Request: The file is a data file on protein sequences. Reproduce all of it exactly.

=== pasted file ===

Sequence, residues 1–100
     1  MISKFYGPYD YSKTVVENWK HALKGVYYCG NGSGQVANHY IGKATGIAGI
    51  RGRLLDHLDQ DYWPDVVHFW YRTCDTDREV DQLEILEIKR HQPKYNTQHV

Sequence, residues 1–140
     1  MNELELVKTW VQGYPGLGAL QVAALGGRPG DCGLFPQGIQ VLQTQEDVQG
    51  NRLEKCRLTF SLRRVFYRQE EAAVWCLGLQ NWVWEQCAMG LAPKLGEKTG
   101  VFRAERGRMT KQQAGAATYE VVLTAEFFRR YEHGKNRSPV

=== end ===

Sequence, residues 1–100
     1  MISKFYGPYD YSKTVVENWK HALKGVYYCG NGSGQVANHY IGKATGIAGI
    51  RGRLLDHLDQ DYWPDVVHFW YRTCDTDREV DQLEILEIKR HQPKYNTQHV

Sequence, residues 1–140
     1  MNELELVKTW VQGYPGLGAL QVAALGGRPG DCGLFPQGIQ VLQTQEDVQG
    51  NRLEKCRLTF SLRRVFYRQE EAAVWCLGLQ NWVWEQCAMG LAPKLGEKTG
   101  VFRAERGRMT KQQAGAATYE VVLTAEFFRR YEHGKNRSPV